Neglect almost inevitably leads to breakdown. That’s why drivers should always stick to a car’s service schedule. And while routine maintenance is boring, it is the best way to steer clear of trouble. Anyone can learn to carry out basic checks, simply by reading through a car’s handbook. It may contain a lot of information but is designed to be easily accessible to non-technically minded owners. Here are some simple steps drivers can take to maintain their car.
On a daily basis
Be alert for any sign of change. If, for example, the engine seems to be running a little less smoothly, the brakes seem less positive than usual, or the steering feels vaguely odd, don't dismiss it as your imagination. Trust your instinct, and investigate the reason, or seek advice.
Many breakdowns are battery related. If when you start the car, the engine turns over more slowly than usual, the battery might be on its way out. If you suspect your battery to be coming to the end of its life, take it to a garage or fast fit operator; many perform battery checks for free.
Keep an eye on the tyres; they’re your only contact with the road. Any cuts, damage or reduction in pressure need urgent attention. Be aware of the fuel gauge. An empty tank is an all-too-common cause of breakdown. As is putting the wrong fuel into the car. Which is why Green Flag is proud to include misfuelling in all but its entry-level policy.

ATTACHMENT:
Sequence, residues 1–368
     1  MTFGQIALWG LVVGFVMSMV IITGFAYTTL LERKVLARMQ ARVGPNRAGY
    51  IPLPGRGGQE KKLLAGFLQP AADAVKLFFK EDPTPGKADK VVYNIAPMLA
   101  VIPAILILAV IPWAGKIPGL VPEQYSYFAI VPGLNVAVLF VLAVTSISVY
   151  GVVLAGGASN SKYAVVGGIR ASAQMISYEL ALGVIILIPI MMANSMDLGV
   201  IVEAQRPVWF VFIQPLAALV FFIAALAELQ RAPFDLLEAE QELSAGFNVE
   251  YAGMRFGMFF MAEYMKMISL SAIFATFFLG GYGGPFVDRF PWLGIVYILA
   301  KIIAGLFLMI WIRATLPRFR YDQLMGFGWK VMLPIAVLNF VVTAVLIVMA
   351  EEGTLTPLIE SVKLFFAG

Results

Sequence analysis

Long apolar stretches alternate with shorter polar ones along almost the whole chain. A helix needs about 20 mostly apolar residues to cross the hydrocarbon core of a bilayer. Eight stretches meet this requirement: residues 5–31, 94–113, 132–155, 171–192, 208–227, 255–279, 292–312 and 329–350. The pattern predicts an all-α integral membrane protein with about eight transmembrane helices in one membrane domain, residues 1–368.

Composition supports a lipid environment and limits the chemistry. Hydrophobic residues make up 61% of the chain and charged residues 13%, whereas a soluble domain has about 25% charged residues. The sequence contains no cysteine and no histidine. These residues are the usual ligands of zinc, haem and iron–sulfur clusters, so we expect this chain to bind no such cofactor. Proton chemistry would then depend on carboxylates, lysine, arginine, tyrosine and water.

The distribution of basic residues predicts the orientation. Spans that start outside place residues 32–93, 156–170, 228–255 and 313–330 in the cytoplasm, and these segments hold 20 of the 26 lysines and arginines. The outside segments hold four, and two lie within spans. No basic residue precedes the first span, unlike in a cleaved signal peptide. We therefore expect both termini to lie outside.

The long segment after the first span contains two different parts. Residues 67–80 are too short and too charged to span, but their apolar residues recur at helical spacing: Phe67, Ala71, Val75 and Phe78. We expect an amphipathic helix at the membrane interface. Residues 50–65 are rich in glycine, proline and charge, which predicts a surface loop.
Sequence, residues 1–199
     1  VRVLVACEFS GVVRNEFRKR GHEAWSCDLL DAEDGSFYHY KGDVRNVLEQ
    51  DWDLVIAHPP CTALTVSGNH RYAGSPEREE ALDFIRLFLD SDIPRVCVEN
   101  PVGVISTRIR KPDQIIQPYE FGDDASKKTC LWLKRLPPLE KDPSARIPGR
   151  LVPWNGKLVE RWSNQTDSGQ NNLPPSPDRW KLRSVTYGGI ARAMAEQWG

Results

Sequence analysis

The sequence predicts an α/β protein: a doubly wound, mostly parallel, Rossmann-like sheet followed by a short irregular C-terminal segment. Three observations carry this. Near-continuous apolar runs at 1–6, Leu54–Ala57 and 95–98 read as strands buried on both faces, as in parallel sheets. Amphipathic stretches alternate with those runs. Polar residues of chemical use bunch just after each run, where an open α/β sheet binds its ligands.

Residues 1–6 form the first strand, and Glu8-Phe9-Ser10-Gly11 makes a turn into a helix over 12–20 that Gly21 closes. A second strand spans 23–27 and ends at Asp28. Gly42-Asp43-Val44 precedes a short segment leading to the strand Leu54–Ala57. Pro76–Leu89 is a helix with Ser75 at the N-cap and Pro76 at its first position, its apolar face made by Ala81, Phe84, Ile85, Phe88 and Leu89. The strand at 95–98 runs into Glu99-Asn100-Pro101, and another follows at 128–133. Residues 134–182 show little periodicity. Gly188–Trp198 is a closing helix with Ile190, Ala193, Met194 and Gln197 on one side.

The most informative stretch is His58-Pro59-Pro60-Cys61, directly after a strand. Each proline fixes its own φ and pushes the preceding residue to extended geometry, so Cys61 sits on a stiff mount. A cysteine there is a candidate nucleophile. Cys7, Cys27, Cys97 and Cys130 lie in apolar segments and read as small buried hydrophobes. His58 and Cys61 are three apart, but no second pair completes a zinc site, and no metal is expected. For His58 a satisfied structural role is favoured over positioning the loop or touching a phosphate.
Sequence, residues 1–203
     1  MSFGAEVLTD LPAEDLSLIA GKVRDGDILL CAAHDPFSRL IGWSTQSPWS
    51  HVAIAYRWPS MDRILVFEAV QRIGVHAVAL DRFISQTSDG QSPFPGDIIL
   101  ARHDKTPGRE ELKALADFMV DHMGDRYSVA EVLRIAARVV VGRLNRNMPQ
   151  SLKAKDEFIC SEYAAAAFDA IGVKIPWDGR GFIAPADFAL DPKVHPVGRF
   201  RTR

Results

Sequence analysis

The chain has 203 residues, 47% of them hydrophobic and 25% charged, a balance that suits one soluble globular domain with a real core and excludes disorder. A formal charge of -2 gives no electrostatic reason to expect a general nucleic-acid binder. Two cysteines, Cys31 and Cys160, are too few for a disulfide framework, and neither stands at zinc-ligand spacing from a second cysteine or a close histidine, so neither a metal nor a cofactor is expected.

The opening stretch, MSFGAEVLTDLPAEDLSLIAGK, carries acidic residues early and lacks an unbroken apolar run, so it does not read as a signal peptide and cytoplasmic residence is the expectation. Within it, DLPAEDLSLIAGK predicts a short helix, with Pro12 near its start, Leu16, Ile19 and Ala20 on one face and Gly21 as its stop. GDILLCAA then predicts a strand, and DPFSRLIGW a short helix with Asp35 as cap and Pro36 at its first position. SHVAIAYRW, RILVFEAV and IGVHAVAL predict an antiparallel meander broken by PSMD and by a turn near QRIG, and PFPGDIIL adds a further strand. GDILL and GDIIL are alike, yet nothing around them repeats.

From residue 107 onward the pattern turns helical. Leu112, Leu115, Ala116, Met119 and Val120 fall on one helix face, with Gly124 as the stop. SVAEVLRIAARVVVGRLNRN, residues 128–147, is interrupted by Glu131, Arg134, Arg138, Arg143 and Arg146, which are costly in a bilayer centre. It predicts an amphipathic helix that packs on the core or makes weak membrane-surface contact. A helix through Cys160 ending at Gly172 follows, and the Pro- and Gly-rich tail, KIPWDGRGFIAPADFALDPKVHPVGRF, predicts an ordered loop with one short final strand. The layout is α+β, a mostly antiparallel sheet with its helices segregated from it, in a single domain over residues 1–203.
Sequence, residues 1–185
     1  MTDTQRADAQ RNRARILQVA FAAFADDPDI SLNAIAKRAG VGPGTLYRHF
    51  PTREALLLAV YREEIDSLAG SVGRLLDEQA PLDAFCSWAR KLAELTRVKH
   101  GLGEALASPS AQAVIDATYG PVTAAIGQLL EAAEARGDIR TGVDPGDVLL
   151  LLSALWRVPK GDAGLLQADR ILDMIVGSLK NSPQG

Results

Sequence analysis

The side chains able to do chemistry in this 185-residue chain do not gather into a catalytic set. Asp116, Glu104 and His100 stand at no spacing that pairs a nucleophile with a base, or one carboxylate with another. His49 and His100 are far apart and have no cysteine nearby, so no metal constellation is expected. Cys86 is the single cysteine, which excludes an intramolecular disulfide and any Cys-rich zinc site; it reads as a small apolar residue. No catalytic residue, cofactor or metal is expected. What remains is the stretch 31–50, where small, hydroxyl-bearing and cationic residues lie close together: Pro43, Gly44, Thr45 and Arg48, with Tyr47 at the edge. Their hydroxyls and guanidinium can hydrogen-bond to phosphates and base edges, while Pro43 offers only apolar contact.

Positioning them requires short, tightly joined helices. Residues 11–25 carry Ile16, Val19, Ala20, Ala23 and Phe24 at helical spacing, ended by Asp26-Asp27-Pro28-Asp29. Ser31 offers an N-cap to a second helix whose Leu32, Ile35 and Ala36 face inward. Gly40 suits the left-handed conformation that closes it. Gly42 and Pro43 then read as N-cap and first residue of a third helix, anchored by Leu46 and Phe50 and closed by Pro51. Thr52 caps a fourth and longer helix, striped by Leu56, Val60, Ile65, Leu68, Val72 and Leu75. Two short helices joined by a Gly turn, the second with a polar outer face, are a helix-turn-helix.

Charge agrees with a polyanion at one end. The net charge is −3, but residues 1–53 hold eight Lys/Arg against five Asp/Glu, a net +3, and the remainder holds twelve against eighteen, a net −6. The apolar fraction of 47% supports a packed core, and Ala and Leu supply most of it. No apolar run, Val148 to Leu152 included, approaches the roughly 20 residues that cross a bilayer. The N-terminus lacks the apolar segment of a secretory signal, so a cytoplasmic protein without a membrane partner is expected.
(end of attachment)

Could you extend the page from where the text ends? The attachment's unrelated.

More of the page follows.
Check tyre pressures, and if necessary adjust them to the correct level shown in the car handbook or on a sticker inside the fuel flap or on the door pillar. Make sure they’re at the correct pressure for the load you’re carrying. Don't forget to check the spare. Give all tyres a look over, checking for lumps, splits and cracks.
Check and top up the windscreen washer bottle, and include an additive to tackle grease and squashed flies in summer, or ice in winter.
Even if you haven't time to clean the car, wash the windows and wipe all the lights to keep you safe. Check for any blown bulbs.
If your car does not have a sealed-for-life battery, check the level in the cells and top up with distilled water as necessary.
Check the level of oil in the engine, and ensure it is between the maximum and minimum marks on the dipstick.
Check for sufficient liquid in the cooling system. Most modern cars have plastic coolant reservoirs, where you can see the level. In an older car, when the engine is cold, unscrew the radiator cap to check the coolant level. Top up as necessary, and include antifreeze in the mixture, in winter and summer. It helps protect against overheating, as well as frost damage.
Give the car a good wash and polish to keep the paintwork in tip top condition.
Watch for the first signs of rust forming, and have it treated before it gets worse. Look for any signs of water leaks inside. Check tyre tread depths and look for signs of uneven wear, hinting at possible suspension problems.
Before any long journey
Check tyre pressures, spare included.
Check all fluid levels and top up as necessary.